These days, group photos are all the rage. At every race meeting or event, all the racers competing are required to line up on or near the S/F line and have their photo taken to commemorate the event. Of course, the availability of digital photography that allows you to take, literally, thousands of photos makes this pretty easy. And the requirement for riders to be much more a part of the PR machine than what they used to be also makes this process simpler.
But it wasn’t always the way. Indeed, there were many occasions where “official” photos didn’t get taken at all and we rely now on the output of a dedicated band of amateur photographers who followed “the circus” and documented it as best they could. We are so lucky that they did, too.
Because, (yes, I know, you shouldn’t start a sentence with a subordinate conjunction, but, hey, sue me.) but for the efforts of these unsung heroes, our knowledge of racing life back then would be much less detailed than it is. In my own experience I can point to two instances where, as far as I know, nobody else but me was on hand, with a camera, to record an historic racing event. The first is my oft-posted pics of Wayne Gardner at his first-ever road race meeting at Oran Park in November 1976.
The second also dates from 1976, just a mere month before the OP pic and is from Hume Weir, the little circuit near Albury that has now vanished from sight, sadly. At a meeting that originally wasn’t even going to be held there and in front of a tiny crowd since the event had been shifted to the venue at the last minute, Murray Sayle, riding for Team Kawasaki Australia, recorded the first-ever win on their new KR250 longitudinal two stroke twin. I know there were a couple of other photographers there that day but, as far as I know, nobody else but me got the money shot of Murray taking the checkered flag for that internationally-historic win. I say as far as I know because I believe that, if anyone else HAD done so, they would have said so by now, some 47 years later.
That’s the late Steve Trinder coming home in 2nd place (obscured by the flagman)
Which brings me, in a roundabout sort of way, to the photo at the head of the article. It is also much-published but it’s worth publishing again because it is snapshot of the greatest era of Australian motorcycle road racing history. The photo was taken by an uncredited photographer, in the pits at Imola, in Italy, on the occasion of the Imola 200 race. This was not a Grand Prix race but a one-off event, staged by the Italian track as a copy of, or tribute to, the famous Daytona 200 race in the United States.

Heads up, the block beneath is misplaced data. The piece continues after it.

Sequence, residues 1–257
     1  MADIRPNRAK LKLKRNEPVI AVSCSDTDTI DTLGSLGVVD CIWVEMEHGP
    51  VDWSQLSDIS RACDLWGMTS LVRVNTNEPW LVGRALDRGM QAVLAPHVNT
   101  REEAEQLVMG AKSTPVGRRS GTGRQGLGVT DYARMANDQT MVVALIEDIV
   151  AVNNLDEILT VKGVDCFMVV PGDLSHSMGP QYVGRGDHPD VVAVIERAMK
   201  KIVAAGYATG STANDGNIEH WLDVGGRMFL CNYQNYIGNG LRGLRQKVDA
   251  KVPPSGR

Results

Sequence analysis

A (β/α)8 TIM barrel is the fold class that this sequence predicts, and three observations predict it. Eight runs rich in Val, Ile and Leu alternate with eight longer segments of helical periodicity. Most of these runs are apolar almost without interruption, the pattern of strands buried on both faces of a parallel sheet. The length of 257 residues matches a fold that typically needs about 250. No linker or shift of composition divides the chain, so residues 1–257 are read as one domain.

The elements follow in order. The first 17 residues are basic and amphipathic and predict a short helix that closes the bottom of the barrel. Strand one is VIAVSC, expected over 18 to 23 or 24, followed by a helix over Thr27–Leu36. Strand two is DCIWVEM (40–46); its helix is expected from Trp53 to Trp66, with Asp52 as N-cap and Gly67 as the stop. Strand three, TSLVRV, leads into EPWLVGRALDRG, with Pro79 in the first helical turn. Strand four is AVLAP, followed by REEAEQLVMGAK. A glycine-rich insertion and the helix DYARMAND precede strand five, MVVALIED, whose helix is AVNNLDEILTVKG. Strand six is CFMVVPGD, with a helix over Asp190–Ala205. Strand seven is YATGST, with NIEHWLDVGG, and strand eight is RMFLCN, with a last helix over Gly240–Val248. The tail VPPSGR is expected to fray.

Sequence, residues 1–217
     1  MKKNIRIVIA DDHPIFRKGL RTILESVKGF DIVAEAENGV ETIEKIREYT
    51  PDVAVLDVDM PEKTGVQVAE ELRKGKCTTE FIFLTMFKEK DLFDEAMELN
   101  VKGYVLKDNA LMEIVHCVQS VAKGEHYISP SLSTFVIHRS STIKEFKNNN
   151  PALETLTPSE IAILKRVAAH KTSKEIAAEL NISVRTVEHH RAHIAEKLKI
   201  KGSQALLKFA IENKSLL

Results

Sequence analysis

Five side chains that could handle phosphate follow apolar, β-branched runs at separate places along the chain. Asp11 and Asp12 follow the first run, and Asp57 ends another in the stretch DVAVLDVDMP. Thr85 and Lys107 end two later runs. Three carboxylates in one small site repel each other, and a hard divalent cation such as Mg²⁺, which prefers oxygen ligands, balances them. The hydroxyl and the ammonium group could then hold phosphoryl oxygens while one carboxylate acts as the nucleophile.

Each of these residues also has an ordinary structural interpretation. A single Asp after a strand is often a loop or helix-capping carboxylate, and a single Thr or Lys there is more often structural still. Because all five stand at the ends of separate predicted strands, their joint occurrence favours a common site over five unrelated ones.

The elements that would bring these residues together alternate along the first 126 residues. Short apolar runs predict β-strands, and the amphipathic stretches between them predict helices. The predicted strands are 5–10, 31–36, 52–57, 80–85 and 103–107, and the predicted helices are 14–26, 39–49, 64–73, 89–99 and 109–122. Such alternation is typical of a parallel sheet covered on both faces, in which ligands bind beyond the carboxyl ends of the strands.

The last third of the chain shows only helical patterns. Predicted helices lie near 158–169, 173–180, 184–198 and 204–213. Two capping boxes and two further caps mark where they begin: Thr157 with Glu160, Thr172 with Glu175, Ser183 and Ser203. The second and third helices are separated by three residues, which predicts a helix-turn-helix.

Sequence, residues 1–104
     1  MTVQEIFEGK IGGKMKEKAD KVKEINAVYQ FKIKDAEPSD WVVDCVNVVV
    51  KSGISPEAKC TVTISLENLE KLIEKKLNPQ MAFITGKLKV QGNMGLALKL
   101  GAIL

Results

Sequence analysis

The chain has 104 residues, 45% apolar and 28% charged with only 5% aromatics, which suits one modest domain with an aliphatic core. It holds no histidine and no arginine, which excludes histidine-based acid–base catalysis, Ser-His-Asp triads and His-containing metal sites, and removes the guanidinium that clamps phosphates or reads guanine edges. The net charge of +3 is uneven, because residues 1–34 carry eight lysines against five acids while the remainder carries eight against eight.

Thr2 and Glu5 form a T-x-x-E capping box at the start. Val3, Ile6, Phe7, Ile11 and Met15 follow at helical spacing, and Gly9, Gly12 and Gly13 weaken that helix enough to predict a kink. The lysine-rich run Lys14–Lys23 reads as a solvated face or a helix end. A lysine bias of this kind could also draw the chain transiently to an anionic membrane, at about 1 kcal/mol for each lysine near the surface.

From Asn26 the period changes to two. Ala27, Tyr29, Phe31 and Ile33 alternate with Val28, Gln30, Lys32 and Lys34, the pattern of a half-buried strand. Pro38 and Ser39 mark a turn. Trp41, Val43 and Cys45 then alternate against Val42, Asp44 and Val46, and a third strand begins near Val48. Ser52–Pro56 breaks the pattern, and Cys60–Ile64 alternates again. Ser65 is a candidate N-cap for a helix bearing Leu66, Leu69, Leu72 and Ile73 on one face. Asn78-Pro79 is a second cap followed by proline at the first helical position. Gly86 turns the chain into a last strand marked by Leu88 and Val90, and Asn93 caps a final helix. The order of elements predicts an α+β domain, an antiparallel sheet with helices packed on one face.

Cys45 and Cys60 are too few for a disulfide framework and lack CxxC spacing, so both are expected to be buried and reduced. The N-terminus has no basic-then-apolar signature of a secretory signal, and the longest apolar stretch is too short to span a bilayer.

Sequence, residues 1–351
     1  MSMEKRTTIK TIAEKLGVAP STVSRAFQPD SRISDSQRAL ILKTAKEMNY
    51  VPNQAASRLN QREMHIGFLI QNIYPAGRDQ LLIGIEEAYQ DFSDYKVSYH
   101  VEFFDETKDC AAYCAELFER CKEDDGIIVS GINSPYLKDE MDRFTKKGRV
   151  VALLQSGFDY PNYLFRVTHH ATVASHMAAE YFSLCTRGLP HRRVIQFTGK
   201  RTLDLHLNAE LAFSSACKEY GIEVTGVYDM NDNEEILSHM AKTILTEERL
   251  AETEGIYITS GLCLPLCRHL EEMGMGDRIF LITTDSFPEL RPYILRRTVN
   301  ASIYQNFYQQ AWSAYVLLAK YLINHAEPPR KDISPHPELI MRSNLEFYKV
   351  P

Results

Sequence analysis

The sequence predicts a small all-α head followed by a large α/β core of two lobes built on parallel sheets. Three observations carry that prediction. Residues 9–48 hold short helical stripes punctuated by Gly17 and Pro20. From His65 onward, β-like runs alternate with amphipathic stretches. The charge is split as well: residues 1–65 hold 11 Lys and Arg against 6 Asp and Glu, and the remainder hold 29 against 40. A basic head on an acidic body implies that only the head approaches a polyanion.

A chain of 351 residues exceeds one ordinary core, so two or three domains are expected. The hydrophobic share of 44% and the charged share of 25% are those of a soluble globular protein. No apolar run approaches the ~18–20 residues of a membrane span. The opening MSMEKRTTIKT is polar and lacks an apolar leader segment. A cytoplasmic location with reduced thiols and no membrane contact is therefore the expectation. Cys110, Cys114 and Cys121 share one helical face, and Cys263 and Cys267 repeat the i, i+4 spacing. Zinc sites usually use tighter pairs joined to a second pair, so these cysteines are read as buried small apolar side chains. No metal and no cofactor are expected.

It was staged for 750cc bikes, for which there was an already-existing World Championship (which actually finished in 1979). Given that there were still plenty of 750cc two race bikes available and that the championship was still running, there wasn’t any shortage of starters. The category was still hugely popular with the fans and with the factories and the brightest and best had the Imola 200 on their calendars from when it started in 1972 to when it finished in 1985.
History will show that the 1978 race, when this photo was taken, was won by Venezuelan star, Johnny Cecotto, followed by American star, Steve Baker and the local hero, Giacomo Agostini, all of them on Yamaha TZ750s.
But, what of the photo? Well, it represents the era where more Aussies went overseas to race than at any time either before or since. While it does not include all of the Aussies who were in Europe trying to make an impression, it includes a big sample of them and we must be grateful to that unknown photographer who assembled this crowd and took the shot.
So, who is in it? I’m sure you can name nearly all of them, though the identity of the bearded man sitting at the extreme left of the photo has exercised the minds of many and the mystery was finally solved but I can’t remember now the name!
In this illustrious group is Gregg Hansford, Kenny Blake, Greg Johnson, Neville Doyle, Alan Adams, Jeff Sayle, Warren Willing (that’s his TZ750 in the photo as well), Graeme Macgregor and Ray Quincey. The lady is Greg Johnson’s partner at the time and the other names have fled for the moment. Sadly, several of these riders are no longer with us which makes the photo even more poignant.
Isn’t it amazing what one photograph can do?